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  • Restraining Orders

    Restraining Order Violation Attorney

    Restraining OrderIn Nevada, the document most people know as a restraining order is technically called a “protective order.” It is a set of requirements ordered by a judge that mandate how an individual may or may not interact with another individual. If you find yourself the target of a protective order, you are in danger of accidentally violating it and facing the possibility of fines or even time in jail. Weiner Law Group can help you explain your situation to the court and avoid paying penalties and incurring a criminal record (see “Sealing Criminal Records“) over a misunderstanding.

    Why Protective Orders Happen

    If a person feels threatened by another person, he or she can ask the court for a protective order against them. The person seeking the order must show that they have good reason to be afraid of some kind of criminal action, ranging from harassment to assault. Each protective order is unique; the requirements that the judge sets are tailored to match the nature and level of the perceived threat.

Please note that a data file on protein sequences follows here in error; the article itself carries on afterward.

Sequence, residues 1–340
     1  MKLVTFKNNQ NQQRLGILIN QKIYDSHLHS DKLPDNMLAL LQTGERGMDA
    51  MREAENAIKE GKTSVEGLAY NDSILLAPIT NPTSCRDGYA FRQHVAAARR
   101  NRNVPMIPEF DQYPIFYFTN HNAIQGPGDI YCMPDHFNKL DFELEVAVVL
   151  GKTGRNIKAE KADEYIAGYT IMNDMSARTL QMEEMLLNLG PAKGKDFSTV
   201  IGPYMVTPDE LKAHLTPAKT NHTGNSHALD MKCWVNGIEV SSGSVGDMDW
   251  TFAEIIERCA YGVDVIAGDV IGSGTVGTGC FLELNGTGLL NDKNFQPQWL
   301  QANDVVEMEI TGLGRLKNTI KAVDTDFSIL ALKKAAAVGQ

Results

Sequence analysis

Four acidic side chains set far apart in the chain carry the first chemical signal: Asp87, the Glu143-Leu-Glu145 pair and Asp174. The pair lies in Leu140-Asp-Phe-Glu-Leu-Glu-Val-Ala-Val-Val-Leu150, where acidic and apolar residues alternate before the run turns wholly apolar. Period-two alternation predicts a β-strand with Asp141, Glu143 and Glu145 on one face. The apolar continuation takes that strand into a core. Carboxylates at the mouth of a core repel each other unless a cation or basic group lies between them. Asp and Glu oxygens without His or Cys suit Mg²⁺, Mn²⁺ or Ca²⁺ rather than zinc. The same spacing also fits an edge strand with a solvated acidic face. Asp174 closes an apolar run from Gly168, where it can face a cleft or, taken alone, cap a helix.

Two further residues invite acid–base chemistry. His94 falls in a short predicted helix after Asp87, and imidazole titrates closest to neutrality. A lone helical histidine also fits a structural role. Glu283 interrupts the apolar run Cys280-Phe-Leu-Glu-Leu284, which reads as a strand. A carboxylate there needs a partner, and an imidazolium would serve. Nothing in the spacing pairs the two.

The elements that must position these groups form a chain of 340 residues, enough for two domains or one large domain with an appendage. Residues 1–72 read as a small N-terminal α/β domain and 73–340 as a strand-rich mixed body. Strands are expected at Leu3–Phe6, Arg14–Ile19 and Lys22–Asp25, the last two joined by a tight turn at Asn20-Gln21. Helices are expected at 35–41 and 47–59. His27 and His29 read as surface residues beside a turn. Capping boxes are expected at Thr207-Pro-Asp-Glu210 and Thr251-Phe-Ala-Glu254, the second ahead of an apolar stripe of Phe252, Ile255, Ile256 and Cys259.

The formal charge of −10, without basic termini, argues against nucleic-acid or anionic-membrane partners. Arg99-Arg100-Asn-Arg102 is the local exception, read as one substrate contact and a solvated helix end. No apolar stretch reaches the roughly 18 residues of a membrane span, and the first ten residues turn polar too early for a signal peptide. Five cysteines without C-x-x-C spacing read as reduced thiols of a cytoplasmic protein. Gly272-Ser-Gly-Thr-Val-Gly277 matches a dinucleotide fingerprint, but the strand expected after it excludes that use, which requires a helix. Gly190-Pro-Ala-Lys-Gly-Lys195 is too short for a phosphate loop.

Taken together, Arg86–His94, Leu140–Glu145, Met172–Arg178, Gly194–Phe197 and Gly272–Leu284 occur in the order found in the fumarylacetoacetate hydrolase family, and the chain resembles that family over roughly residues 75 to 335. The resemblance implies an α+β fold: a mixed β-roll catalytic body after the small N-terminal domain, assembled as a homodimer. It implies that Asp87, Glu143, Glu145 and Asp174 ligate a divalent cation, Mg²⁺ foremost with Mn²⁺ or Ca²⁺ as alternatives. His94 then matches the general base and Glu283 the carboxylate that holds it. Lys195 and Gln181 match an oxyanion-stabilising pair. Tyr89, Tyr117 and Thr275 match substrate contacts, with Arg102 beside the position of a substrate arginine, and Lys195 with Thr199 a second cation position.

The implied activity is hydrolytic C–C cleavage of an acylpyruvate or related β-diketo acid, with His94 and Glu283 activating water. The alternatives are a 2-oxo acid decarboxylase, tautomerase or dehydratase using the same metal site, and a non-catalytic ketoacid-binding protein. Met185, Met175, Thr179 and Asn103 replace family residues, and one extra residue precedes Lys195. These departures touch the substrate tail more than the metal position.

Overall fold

As you can see, it can be very difficult to adhere to the specifics of a protective order. Especially if you work with the person in question or live near them, you might accidentally violate an item on the order and find yourself the target of criminal charges. Without an attorney to get your charges dismissed, you could suffer a conviction for doing hardly anything at all.

    Avoiding Penalties

    Fortunately, in Nevada the court understands that it is easy to violate a restraining order without intending to do so. The problem is that a prosecutor knows how to build up testimony and evidence to make it look as if you acted deliberately and wanted to hurt someone. We help you oppose those efforts by showing that:

    • You had no intention of violating the order, and perhaps didn’t even know the person in question was in the area. No matter what your history with the person was in the past, if you didn’t approach them on purpose in this instance, you should not be convicted for doing so.
    • The court did not correctly communicate the requirements of the protective order to you. There are many strict guidelines for the court when issuing an order, and failing to follow those guidelines excuses you from violating them.
    • You did not violate the order at all. Sensitive or vindictive people often claim that someone violated a protective order when they didn’t, just to get them in trouble. We will make sure that a lie by someone else doesn’t result in a conviction for you.

    If you need the help of a criminal defense attorney or information about restraining orders, call the Weiner Law Group at 702-202-0500 or fill out our contact form.